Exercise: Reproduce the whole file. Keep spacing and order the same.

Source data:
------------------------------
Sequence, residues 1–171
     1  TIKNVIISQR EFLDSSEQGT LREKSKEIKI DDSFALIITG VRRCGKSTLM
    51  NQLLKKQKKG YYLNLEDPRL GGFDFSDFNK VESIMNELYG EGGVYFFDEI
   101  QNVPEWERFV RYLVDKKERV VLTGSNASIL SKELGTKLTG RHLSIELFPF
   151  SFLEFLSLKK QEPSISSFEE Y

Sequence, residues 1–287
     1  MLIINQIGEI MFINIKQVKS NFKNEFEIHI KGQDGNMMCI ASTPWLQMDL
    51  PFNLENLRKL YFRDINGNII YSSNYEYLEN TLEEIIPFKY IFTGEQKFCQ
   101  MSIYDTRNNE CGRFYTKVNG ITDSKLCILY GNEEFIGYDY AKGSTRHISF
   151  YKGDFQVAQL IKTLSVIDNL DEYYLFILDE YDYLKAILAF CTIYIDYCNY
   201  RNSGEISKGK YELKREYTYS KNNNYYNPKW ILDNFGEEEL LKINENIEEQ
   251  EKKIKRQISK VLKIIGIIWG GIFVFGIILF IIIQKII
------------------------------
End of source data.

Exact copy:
Sequence, residues 1–171
     1  TIKNVIISQR EFLDSSEQGT LREKSKEIKI DDSFALIITG VRRCGKSTLM
    51  NQLLKKQKKG YYLNLEDPRL GGFDFSDFNK VESIMNELYG EGGVYFFDEI
   101  QNVPEWERFV RYLVDKKERV VLTGSNASIL SKELGTKLTG RHLSIELFPF
   151  SFLEFLSLKK QEPSISSFEE Y

Sequence, residues 1–287
     1  MLIINQIGEI MFINIKQVKS NFKNEFEIHI KGQDGNMMCI ASTPWLQMDL
    51  PFNLENLRKL YFRDINGNII YSSNYEYLEN TLEEIIPFKY IFTGEQKFCQ
   101  MSIYDTRNNE CGRFYTKVNG ITDSKLCILY GNEEFIGYDY AKGSTRHISF
   151  YKGDFQVAQL IKTLSVIDNL DEYYLFILDE YDYLKAILAF CTIYIDYCNY
   201  RNSGEISKGK YELKREYTYS KNNNYYNPKW ILDNFGEEEL LKINENIEEQ
   251  EKKIKRQISK VLKIIGIIWG GIFVFGIILF IIIQKII